These studies are specialised x-ray procedures using a solution containing barium to examine the gastrointestinal tract, namely the oesophagus, stomach, small intestine and large intestine.
The most common studies are barium swallows, barium meals and barium enemas.
Day Before Examination
The Morning Of The Examination
Note: Continue all medications if you are on medication. However, if you are a diabetic and you are not taking any food, then please do not take your anti-diabetic drugs.
You will be required to change into a hospital gown. A locker will be provided for your belongings but please keep your valuables at home.
During the procedure
After The Examination
Please do not change out of your hospital gown immediately after the examination. It may be necessary to do some additional views after the initial images have been processed and reviewed.
You may need to go to the lavatory after the procedure. You can expect to see white stools for the next 1-2 days, due to the barium solution.
Once you are allowed to go back, please drink lots of fluid to avoid constipation.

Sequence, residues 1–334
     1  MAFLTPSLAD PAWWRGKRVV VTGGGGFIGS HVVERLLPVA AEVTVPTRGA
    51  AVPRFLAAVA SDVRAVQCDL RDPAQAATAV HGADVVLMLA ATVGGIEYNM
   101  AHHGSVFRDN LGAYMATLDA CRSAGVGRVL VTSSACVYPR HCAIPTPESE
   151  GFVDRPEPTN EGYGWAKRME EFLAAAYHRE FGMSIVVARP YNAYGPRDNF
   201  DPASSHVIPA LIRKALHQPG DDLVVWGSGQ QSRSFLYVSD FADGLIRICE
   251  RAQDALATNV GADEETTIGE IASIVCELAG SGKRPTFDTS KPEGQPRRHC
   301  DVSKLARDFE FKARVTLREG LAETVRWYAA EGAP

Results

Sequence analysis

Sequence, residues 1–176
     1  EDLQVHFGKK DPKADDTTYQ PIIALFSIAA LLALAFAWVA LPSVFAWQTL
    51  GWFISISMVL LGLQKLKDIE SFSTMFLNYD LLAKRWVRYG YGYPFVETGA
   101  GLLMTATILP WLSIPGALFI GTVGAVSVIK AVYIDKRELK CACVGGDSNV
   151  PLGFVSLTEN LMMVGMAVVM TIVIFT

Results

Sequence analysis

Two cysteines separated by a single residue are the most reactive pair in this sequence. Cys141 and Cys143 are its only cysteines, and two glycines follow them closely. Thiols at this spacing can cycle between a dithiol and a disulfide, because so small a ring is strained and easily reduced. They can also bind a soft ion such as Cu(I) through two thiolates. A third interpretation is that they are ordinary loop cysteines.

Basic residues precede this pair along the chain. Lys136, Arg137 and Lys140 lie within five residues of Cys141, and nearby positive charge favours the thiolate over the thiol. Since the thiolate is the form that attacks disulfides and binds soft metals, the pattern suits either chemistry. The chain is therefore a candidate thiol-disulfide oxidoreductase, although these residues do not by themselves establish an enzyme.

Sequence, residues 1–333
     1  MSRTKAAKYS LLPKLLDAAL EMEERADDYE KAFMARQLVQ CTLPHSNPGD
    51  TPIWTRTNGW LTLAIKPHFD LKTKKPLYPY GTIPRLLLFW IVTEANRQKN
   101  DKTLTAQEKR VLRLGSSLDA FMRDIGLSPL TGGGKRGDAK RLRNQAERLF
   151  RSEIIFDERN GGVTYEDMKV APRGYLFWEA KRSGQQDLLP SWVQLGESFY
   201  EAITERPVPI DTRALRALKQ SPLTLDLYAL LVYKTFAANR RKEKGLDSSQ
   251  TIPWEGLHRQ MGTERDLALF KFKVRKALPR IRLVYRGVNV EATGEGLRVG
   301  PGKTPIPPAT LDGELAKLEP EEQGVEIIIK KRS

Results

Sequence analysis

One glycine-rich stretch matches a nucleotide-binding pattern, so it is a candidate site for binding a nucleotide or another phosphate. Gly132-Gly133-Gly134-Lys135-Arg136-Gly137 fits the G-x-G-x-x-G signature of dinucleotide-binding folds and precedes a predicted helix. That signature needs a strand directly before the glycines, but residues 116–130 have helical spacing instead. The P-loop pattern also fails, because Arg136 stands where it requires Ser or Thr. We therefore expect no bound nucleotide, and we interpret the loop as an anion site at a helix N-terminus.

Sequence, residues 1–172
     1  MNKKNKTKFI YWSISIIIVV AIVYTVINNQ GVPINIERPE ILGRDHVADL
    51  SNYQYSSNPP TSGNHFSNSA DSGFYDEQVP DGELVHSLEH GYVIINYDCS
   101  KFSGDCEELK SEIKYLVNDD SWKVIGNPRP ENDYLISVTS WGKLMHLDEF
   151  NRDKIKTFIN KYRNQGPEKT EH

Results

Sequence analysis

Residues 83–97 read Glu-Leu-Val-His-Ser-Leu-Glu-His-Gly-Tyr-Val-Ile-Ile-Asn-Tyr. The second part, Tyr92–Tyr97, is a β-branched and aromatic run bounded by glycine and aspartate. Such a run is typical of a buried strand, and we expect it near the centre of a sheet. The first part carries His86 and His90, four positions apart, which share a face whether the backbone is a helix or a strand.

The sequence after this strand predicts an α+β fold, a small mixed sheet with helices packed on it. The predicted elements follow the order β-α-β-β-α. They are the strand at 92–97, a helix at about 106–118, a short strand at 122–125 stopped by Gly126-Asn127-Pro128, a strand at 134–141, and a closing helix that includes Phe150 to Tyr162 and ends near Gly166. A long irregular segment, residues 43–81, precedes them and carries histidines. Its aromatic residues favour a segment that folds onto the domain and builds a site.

The radiologist will review the images and report the findings to your physician, who will then discuss the results with you on your next appointment.
As with all procedures utilising ionising radiation, the radiation risks are present. However, the benefits of an accurate diagnosis far outweigh the risks.
In rare cases, the barium suspension can leak through an undetected perforation in the lower gastrointestinal tract, producing inflammation in surrounding tissues.
Even more rarely, the barium can cause an obstruction in the gastrointestinal tract, called barium impaction.
A barium enema is usually not indicated for someone who is in extreme abdominal pain or had a recent colonic biopsy. If perforation is suspected, the study should be performed with iodinated solution, instead of a barium suspension.
X-ray imaging is not usually indicated for pregnant women.
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